Another type of inhibition that is important for
us to understand is that of non-competitive inhibition.
It's fundamentally different from a competitive
inhibition and we can see it depicted on the screen here.
On the left again we have the enzyme with its
normal substrate which catalyzes a reaction.
However, the enzyme has a site on it that if
it's properly targeted by an inhibitor
the inhibitor can bind to
it and keep the enzyme from
functioning properly with the substrate in the active
site. That is shown in the image on the right.
Now when this happens, the
has a fundamentally different way of interacting
with the enzyme then what we saw before.
They effected by binding at a different location and
by binding at a different location they do not compete
okay? Now this changes the parameters of the
velocity that we have been studying considerably.
And because the inhibitor doesn't compete with
its substrate and the substrate can't out
way it by doing a reaction with
not a lot more substrate.
It means that in every reaction that we do
what happens is that we are inhibiting
a fixed amount of an enzyme.
It doesn't matter how much enzyme that we add, there
is always the same amount of enzyme inhibited.
In the first reactions, the competitively inhibited reactions,
we saw that as we added more substrate
the substrate out-competed the inhibitor and
it was as if the inhibitor disappeared.
So the quantity of enzyme being an inhibited
was changing, the more substrate we added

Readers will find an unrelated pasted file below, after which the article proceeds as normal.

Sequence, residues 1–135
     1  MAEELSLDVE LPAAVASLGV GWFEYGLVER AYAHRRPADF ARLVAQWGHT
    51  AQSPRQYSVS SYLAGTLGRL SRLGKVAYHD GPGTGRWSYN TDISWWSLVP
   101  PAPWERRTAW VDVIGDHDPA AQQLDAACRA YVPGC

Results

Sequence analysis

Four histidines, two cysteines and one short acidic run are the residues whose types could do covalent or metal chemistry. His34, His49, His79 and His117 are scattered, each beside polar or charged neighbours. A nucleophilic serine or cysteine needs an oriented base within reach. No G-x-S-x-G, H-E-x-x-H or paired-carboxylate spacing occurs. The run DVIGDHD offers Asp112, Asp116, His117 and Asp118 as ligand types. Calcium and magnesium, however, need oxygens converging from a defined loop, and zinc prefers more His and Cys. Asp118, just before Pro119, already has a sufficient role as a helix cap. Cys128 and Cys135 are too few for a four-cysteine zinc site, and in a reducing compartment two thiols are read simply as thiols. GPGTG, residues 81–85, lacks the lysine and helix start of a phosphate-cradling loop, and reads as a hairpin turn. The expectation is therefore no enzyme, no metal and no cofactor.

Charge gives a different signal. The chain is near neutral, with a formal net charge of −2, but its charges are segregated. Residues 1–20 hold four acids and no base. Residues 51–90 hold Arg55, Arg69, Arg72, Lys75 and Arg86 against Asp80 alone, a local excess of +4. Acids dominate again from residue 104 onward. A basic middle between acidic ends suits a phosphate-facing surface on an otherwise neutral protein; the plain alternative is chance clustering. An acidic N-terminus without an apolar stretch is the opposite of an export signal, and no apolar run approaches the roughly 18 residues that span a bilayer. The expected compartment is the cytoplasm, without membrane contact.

the more normal enzyme we had.
With a non-competitive inhibitor, we don't have that.
It doesn't matter how much substrate we have;
because, they are not competing for the same site. The
non-competitive inhibitors always going to
knock-out the same amount of enzyme
in every tube irrespective of how
much substrate is added to it.
That means that we have
changed the amount of enzyme.
And if we change the amount of enzyme, we
have already talked about the limitations
of an enzyme in studying of the Vmax.
Remember the factory analogy?
In the factory analogy I said, that if we added an
extra factory would double the amount of product.
What if the factory only worked half a day?
If the factory only worked half a day, it
would make half the amount of product.
We have changed the numbers of workers.
So, what if we use enough inhibitor that we
only have half the amount of enzyme?
Well we will change Vmax accordingly.
So when we have a non-competitive inhibitor
we are changing the amount of enzyme
and in changing the amount of
enzyme, we changed the value of Vmax.
So Vmax decreases for a non-competitive inhibitor.
That wasn't the case for a
competitive inhibitor, right?
Now we can only measure Km for an active enzyme.
And not surprisingly if we
change the amount of enzyme
Km, the affinity of the enzyme for
the substrate doesn't change; because,
the enzyme is still the enzyme when it's active
and we are only studying an active enzyme. So the
Km value doesn't change for non-competitive inhibition.
In a Lineweaver Burk plot we see something
different than we saw with the competitive inhibition,
but consist in it what I just told you.
In green again, we see the linear
the linear plot showing, of course, the uninhibited reaction.
In blue we see the non-competitively inhibited
reaction and we notice that
the two lines cross at -1/Km.
Well this is consistent with what we learned
in the last plot which is that the Km value
doesn't change. They should cross at that point.
However we see the blue line has a
higher slope than does the green line,
meaning that the crossing of the
y-axis is at a higher point.
Now they may seem kinda intuitive
that if we decrease the Vmax
we actually are raising the value of that line.
But remember we are doing a reciprocal.
So by decreasing Vmax, 1/Vmax actually increases.